LaundryESP® has documented our industry’s capabilities in addressing evolving issues and priorities related to pollution prevention and resource conservation.
The Facility Data Survey results reflect our success in protecting the environment and our respect for our customers’ and the public’s interest in green, sustainable business practices. The figures also demonstrate the efficiencies we have realized through technological advances.
A popular measure of the “greening” of a business is its progress in reducing its carbon footprint or carbon dioxide emissions.
Textile services facilities conserve resources better than ever in part because of washing, drying, wrinkle removal and material handling technologies that enable us to do our job more efficiently. More businesses are choosing textile services facilities to handle their laundry work. Hotels’ and hospitals’ small washrooms are shut down in favor of shipping goods to larger facilities that offer greater economies. Restaurants opt for the benefits of larger scale cleaning for their table linen instead of neighborhood laundries. Other industries see the benefits of outsourcing the care and inventory of their work uniforms to our industry. LaundryESP® shows that we produce more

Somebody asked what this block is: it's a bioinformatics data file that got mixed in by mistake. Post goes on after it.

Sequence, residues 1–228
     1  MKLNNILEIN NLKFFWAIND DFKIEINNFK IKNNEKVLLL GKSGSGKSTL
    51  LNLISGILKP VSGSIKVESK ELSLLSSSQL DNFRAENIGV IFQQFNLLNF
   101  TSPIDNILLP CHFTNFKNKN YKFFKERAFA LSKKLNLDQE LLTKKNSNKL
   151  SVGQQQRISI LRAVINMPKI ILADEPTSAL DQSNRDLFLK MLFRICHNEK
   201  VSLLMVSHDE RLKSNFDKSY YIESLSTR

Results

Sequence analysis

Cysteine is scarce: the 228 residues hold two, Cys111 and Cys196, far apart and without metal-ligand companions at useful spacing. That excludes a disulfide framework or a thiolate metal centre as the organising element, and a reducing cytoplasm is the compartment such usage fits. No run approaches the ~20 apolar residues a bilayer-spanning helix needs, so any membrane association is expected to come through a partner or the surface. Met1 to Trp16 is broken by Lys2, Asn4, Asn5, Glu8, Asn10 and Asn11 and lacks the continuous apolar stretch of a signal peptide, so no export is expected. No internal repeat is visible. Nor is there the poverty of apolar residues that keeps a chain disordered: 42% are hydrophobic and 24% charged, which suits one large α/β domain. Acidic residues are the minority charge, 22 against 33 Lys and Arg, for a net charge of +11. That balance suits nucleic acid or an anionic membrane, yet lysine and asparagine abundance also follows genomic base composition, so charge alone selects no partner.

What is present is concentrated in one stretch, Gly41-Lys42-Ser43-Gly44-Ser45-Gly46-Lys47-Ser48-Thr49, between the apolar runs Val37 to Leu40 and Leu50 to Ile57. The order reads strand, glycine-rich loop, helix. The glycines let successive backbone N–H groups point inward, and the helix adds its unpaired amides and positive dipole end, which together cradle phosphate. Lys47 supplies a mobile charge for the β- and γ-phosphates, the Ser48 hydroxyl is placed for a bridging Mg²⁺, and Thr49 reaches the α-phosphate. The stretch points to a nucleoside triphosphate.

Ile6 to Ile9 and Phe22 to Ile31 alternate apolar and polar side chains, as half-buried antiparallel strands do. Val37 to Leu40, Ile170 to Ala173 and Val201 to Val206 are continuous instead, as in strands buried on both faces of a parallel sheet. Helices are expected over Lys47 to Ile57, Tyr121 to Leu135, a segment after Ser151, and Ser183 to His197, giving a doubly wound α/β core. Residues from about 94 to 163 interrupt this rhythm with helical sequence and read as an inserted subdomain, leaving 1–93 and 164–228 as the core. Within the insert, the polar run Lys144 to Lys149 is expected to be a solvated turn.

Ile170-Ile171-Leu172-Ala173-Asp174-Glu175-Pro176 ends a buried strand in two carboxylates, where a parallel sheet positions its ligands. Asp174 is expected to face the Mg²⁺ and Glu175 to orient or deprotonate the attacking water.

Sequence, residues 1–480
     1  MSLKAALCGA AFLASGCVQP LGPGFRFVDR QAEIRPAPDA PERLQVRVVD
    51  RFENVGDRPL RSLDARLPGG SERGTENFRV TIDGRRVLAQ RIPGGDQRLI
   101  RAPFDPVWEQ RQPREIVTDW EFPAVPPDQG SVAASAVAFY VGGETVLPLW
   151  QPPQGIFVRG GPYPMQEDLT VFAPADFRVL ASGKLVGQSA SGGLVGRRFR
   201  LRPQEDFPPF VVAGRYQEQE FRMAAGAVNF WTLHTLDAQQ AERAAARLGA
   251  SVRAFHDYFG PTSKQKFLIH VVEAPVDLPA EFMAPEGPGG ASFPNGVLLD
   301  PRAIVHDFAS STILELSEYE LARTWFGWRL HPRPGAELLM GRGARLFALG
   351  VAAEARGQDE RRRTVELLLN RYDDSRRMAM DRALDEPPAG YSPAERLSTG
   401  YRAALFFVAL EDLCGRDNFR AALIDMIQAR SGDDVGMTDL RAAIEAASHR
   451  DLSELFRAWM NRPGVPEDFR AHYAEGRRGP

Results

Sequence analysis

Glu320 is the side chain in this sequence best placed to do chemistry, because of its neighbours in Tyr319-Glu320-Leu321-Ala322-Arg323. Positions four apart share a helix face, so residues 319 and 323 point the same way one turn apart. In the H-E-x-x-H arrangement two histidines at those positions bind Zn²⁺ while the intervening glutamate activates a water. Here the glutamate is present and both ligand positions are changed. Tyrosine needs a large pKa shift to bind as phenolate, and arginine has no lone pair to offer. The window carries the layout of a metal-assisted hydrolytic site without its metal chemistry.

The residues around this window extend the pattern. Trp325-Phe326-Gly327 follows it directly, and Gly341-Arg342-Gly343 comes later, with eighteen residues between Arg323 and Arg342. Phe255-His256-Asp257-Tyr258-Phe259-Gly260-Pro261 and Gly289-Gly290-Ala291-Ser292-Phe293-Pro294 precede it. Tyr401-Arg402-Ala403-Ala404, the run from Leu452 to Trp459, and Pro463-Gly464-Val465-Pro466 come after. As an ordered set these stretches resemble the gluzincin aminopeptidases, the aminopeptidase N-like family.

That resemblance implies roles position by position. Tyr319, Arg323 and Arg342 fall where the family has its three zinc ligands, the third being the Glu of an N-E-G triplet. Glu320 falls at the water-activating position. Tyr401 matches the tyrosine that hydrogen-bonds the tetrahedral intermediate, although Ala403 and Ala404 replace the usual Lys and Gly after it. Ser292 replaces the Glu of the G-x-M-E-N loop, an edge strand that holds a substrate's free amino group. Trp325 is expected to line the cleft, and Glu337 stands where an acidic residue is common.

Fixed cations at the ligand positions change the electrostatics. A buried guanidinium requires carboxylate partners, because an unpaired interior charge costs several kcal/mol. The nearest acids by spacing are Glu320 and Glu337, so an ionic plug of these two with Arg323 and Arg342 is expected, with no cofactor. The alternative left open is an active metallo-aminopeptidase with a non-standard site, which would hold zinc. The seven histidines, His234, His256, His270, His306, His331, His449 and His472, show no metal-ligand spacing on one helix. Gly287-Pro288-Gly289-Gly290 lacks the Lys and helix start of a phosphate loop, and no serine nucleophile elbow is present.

laundry, which takes the strain off the environment from washing and drying taking place in smaller,
less efficient machines.
Greater energy efficiencies in laundry processes have been largely responsible for our decreased carbon footprint. LaundryESP® examines the industry’s progress with all forms of energy, calculating British thermal units expended per laundry pound for each individual type of energy and also for total energy (a total Btu basis across all fuels).
The volume of water that textile services operations use to launder a pound of textiles is one of the strongest indicators of our green impact. When comparing this figure with the same one generated by smaller laundries, such as home machines and washrooms in hotels and hospitals, our conservation capabilities are revealed. We require less municipal water to launder and we experience greater associated efficiencies that serve the public interest, including less energy needed for heating and a larger discharge to sewers, which we filter and thereby enable sewage treatment to operate more effectively.